Sumo News (archives)

May 30th
Futagoyama Oyakata Dies

Former Ozeki and the current Futagoyama-oyakata, Hanada Mitsuru, died May 30th after a battle with mouth cancer. Futagoyama-oyakta fought as Takanohana during his active career and gained immense popularity as he rose to the Ozeki ranks. In more recent times, however, he is best remembered for apprenticing his two sons to the rank of Yokozuna, the only brotherly tandem to have accomplished the feat in Takanohana and Wakanohana III. Futagoyama-oyakata first entered sumo in 1965 at the Natsu Basho where he was apprenticed by his older brother and former Yokozuna Wakanohana I, who then led the Futagoyama-beya. In less than three years, Futagoyama-oyakata achieved sekitori status for the 1968 Haru basho and became at the time, the youngest rikishi ever to do so despite his 100 kilogram frame. He was promoted to the Makuuchi division for the Kyushu basho of the same year and was promoted to the rank of Ozeki after the 1972 Aki Basho, a rank he held until his retirement at the Hatsu Basho in 1981. Futagoyama-oyakata still holds the record for number of basho maintaining Ozeki status.  Futagoyama-oyakata was an excellent competitive swimmer in junior high school setting many records. He was even being touted as a possible representative in the Olympics, but the oyakata then stated, "one can't make a living in swimming," so he quit that sport and entered professional sumo. Futagoyama-oyakata attributed his then record-breaking rise through the sumo ranks to the strict leadership and guidance of his older brother, former Yokozuna Wakanohana I who lamented, "he [Futagoyama-oyakata] would never rest until he had his opponent out of the dohyo." Futagoyama-oyakata's style was sometimes even branded as "circus sumo." Highlights of his career include a defeat of Yokozuna Taiho in Natsu 1971 as a Komusubi that spurred Taiho's subsequent retirement and his first Makuuchi yusho in Haru 1975 where he defeated of Yokozuna Kitanoumi in a yusho playoff bout that drew a television ratings percentage over 50 percent. Futagoyama-oyakata would take the yusho one other time, but he was never able to get over the Yokozuna hump. At the time of his retirement in 1981, he expressed, "I did the best I could. My popularity was a burden at times, but without the support of my fans, I would have only lasted in the Ozeki ranks for 20 basho or so."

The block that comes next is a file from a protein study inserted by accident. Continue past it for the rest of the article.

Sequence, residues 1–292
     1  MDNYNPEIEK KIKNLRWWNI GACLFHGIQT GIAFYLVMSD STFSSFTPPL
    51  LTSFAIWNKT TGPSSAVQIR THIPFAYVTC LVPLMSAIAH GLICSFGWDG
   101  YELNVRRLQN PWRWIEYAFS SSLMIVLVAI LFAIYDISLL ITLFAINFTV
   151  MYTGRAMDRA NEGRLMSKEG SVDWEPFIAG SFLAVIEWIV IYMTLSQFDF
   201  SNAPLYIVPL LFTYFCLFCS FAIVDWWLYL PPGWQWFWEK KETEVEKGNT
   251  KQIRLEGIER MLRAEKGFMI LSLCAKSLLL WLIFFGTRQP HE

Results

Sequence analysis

Futagoyama-oyakata's two sons, Masaru and Koji, would sit in the seiza style and watch their father's performance on television. When the two boys decided to enter professional sumo themselves, their father proclaimed that he would end his father-son ties with them and treat them as any other rikishi forcing them to perform ferocious keiko. Besides his two sons, Futagoyama-oyakata also apprenticed many other sekitori who would reach Ozeki/sanyaku status including Takanonami, Akinoshima, Takatoriki, Misugisato, Wakakosho, and Naminohana. The dominance of his Futagoyama-beya and the popularity of his two sons created a fervor surrounding the sport that peaked in the latter half of the nineties. Along with this success, however, came fierce media scrutiny that unwelcomingly documented a public rift between his two sons and the divorce from his wife and kamisan of the Futgoyama-beya in 2001.

Futagoyama's health began to deteriorate after the Aki 2003 basho and led to his being kyujo from each subsequent basho. Despite the rapid decline of his health, in January of this year, Futagoyama-oyakata displayed considerable mental toughness as he rose from his hospital bed to make an appearance at the danpatsushiki of his apprentice Takanonami where he snipped at the former Ozeki's oi-cho to a considerable buzz from the crowd. That would be Futagoyama-oyakata's final public appearance. He is survived by his two sons, Masaru, who is no longer affiliated with the Sumo Association, and Takanohana-oyakata who took leadership of the Futagoyama-beya and formally changed its name to the Takanohana-beya.


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